7 things to watch, including Tyler Huntley, J.K. Dobbins and big plays – The Denver Post


Last Saturday, the Ravens clinched a playoff berth for the fourth time in five seasons. With Sunday’s game against the Pittsburgh Steelers, another competition rages on: the push for postseason positioning.

“We feel like we’re in the middle of the fight,” coach John Harbaugh said Friday. “You work really hard, you compete hard, you deal with all the ups and downs. … The NFL is a long season; it’s long for a reason. We’re in a position now where we’re playing very meaningful games.”

With a prime-time win at M&T Bank Stadium, the Ravens (10-5) would not only sweep Pittsburgh (7-8) and hand coach Mike Tomlin his first-ever losing season, but also set up a winner-take-all matchup in Week 18 with the AFC North-leading Cincinnati Bengals. It won’t be easy, though. Here’s what to watch in the teams’ Week 17 matchup.


1. With Lamar Jackson set to miss his fourth straight start, Sunday’s matchup could be the best test yet of the Ravens’ rushing bona fides.

In Week 14, they had 38 designed runs for 190 yards (5 per carry) against a Pittsburgh run defense that, since All-Pro outside linebacker T.J. Watt’s return in mid-November, ranks as the NFL’ second best, according to Football Outsiders’ efficiency metrics. Only the Ravens have fared better since Week 10.

The Steelers are coming off perhaps their best run-stopping performance of the season, too. In a 13-10 win last Saturday over Las Vegas, they held Raiders running back Josh Jacobs, the NFL’s leading rusher, to 44 yards and a season-low 2.9 per carry.

Pittsburgh will have its hands full again Sunday. Over the past three weeks, Ravens running backs J.K. Dobbins and Gus Edwards have combined to average a whopping 2.9 rushing yards over expected per carry, according to the NFL’s Next Gen Stats. And both have said they feel healthier, more explosive, each week.

“Yes, it’s slowly coming back,” said Dobbins, who, like Edwards, suffered a season-ending knee injury before the 2021 season. He recalled on Thursday telling someone that “if football was a game of 30 yards, 40 yards, I would be 100%. Legit 100%, because in quick areas, in quickness, in power and things like that, I feel 100%. I feel like the knee [injury] never happened.”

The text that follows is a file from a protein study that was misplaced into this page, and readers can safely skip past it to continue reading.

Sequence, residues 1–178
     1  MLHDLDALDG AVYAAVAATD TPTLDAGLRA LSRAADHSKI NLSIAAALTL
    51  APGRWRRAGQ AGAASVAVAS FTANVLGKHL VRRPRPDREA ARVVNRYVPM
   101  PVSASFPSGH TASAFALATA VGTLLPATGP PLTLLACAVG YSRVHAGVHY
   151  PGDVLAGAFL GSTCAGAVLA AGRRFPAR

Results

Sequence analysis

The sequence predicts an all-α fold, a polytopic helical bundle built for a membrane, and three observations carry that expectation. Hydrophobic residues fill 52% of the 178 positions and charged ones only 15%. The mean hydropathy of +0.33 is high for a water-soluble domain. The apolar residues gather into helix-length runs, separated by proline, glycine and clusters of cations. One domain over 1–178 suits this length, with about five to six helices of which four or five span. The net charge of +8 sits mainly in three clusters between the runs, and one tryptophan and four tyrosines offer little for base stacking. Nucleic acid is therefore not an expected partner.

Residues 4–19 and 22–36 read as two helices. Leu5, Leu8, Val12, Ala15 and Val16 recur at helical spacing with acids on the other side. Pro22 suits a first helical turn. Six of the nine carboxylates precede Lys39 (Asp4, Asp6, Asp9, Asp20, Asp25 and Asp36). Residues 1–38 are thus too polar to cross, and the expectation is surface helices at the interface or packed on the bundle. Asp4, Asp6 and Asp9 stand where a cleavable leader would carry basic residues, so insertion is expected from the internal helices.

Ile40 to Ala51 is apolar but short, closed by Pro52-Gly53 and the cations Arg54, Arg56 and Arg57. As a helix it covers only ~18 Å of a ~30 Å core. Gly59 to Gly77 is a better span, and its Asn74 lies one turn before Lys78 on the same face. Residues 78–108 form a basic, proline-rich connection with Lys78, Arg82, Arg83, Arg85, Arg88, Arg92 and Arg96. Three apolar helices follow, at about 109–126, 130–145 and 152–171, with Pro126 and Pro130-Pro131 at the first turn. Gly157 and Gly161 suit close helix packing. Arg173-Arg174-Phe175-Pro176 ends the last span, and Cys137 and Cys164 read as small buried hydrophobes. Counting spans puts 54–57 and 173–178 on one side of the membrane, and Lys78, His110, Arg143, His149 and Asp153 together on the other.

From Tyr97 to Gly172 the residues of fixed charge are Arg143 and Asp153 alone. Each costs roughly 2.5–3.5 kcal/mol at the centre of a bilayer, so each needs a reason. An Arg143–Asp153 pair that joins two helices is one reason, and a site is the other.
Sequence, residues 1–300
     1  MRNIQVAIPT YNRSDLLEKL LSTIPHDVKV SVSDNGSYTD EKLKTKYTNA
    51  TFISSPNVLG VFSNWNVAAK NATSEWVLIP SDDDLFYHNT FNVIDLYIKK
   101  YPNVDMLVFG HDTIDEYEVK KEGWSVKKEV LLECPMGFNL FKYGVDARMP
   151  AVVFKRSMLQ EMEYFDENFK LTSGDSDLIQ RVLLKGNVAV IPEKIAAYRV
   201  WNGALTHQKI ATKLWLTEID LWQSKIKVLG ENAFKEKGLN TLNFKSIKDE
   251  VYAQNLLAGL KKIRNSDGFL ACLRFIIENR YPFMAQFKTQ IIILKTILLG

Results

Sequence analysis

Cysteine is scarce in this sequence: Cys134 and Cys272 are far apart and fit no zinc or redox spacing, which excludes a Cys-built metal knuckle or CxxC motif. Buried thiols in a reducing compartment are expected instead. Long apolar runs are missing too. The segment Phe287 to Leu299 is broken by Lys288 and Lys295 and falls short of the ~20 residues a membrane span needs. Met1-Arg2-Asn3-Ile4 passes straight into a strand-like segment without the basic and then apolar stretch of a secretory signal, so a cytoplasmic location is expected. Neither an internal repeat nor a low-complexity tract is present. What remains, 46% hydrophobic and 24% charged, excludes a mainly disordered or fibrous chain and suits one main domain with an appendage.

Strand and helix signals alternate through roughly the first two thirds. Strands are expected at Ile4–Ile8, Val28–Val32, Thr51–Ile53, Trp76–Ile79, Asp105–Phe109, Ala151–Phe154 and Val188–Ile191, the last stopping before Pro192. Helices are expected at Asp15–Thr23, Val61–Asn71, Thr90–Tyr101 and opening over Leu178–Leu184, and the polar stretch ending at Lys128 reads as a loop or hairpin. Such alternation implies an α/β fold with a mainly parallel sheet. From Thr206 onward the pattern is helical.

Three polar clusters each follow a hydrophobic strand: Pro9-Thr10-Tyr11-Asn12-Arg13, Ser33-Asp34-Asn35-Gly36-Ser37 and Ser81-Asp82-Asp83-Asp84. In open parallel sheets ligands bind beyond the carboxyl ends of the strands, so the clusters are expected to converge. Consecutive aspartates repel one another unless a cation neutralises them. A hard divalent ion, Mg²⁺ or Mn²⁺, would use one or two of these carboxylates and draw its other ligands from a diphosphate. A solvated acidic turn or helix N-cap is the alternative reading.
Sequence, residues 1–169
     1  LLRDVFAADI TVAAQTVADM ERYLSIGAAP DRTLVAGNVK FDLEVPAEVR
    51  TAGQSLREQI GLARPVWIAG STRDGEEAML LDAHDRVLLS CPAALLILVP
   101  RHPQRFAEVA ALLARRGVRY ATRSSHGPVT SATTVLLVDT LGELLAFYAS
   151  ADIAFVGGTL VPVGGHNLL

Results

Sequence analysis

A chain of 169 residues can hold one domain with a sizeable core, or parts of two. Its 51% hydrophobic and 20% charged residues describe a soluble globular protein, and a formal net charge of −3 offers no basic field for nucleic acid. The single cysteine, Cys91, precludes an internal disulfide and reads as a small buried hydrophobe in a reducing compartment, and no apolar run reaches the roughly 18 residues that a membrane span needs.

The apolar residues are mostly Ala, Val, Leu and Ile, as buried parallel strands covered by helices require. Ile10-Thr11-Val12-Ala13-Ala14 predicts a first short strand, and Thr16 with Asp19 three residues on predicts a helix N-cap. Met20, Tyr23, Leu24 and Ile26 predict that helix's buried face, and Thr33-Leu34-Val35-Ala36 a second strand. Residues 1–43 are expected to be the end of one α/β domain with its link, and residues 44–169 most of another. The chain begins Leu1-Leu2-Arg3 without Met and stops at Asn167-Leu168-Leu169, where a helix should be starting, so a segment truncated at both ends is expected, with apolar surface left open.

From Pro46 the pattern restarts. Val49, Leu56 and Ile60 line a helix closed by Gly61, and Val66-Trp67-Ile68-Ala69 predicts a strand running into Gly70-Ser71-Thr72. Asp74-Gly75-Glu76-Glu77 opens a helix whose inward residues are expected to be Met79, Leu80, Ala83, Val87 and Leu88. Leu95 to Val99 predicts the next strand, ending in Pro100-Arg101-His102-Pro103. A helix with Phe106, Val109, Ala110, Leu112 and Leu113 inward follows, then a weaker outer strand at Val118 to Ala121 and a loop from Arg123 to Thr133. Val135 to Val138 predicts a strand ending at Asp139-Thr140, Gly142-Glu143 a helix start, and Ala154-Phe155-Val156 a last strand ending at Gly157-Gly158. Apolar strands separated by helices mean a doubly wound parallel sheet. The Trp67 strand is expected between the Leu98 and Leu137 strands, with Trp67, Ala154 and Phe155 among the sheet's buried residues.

He added: “I heard that I ran, like, 20 mph, I want to say, on the one [44-yard] run I had against the Steelers, and I was like, ‘Dang.’ It’s just that extra one or two miles [per hour] that are the difference. It’s the last little bit of me; that’s what makes me, me. I’m not all the way there, but I’m getting there.”

2. Before the Ravens’ Week 15 game against the Browns, star Cleveland defensive end Myles Garrett compared quarterback Tyler Huntley to a chicken. He meant it as a compliment. Trying to catch Huntley, Garrett told local reporters, “felt like you were trying to chase down a chicken, like, doused in honey or something,”

While he’s struggled in the Ravens’ structured passing game, Huntley can still lift the offense with his improvisational abilities. He just hasn’t done it too often this season. On his 30 drop-backs in which he’s left the pocket, Huntley’s 9-for-17 for 137 yards, no touchdowns and an interception, according to Pro Football Focus.

If he can keep his eyes downfield on longer-developing pass plays Sunday, Huntley should find opportunities against a subpar cornerback group. The Steelers’ defense ranks seventh in the NFL in expected points added per play against quick passes (2.5 seconds or less), according to TruMedia. (EPA is a measure of efficiency that accounts for situational factors such as down, distance and field position.)

Against longer passing plays (over 2.5 seconds), however, they’re 31st in the NFL. “We’ve just got to keep making big plays,” Huntley said Friday. “That’s it.”